Union takes army to court over Aids policies

A union representing South African soldiers is to take the country’s armed forces to court on Thursday over alleged discrimination against HIV-infected personnel, the union said on Wednesday.

The South African Security Forces’ Union (Sasfu) accuses the South African National Defence Force (SANDF) of discriminating against HIV-infected people by refusing them employment, promotion or deployment to foreign posts.

“They have got a policy of mandatory testing. Being HIV-negative is a pre-requisite to gain employment in the SANDF,” said Sasfu deputy president Charles Jacobs.

He said after being employed, members of the military had to undergo mandatory HIV testing once a year during a health assessment, and every time they applied for a promotion or deployment overseas.

Jacobs said South Africa was the only country in the world whose military operated under these “unconstitutional” policies.

With five-and-a-half million HIV infections in a population of 48-million, South Africa has one of the world’s worst Aids problems, and according to Khumalo up to 35% of defence-force personnel were infected in 2004.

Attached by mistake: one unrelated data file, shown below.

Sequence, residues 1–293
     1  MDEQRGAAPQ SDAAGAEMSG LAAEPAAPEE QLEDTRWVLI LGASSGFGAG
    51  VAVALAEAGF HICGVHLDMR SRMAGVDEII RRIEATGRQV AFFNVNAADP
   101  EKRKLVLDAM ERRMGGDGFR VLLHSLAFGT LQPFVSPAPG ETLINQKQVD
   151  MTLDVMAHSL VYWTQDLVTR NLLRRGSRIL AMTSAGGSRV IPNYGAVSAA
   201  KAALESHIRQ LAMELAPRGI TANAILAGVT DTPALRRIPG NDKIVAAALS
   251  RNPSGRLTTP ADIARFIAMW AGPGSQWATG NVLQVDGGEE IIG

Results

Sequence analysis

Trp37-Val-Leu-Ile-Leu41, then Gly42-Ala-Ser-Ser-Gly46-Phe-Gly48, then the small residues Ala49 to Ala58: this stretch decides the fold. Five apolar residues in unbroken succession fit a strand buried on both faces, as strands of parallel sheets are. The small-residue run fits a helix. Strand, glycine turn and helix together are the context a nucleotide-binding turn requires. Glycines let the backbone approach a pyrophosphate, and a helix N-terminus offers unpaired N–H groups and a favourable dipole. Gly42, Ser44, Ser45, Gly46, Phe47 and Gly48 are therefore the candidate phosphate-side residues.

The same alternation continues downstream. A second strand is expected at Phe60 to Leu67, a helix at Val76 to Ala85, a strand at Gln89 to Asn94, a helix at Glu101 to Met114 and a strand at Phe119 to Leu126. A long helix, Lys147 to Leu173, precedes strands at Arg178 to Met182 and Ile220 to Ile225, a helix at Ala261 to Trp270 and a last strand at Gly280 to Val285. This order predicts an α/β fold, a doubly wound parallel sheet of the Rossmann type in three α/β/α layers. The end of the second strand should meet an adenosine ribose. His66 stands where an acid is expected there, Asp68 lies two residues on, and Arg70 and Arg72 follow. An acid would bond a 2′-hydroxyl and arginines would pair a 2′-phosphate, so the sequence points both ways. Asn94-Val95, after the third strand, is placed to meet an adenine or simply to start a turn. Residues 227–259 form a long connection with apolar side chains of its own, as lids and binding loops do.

According to the Aids Law Project (ALP), which fights for the legal rights of those living with HIV/Aids, the Defence Ministry has argued the army is too strenuous a place for those living with Aids.

“The argument that you cannot employ someone with HIV has been a lame excuse used by employers for a very long time,” said Nonkosi Khumalo, a researcher with the ALP, at a Johannesburg press conference.

She said the ALP was representing Sasfu and three individuals in the Pretoria High Court hearings, which hoped to have the policies reviewed and set aside.

“The problem is there, the issue is they haven’t found better ways of dealing with the problem,” she said.

Defence Minister Mosiuoa Lekota has been quoted as saying HIV-positive people could not be recruited as people were needed who can “withstand difficult missions”.

However, Sasfu and the ALP argue that HIV-infected people were able to function as normal and healthy citizens for many years with the correct medication.

Deputy President Phumzile Mlambo-Ngcuka, addressing the SANDF last year, said “HIV-positive individuals in the military should be given every opportunity to do the tasks for which they have been trained and which they are still fit to perform”.—Sapa-AFP


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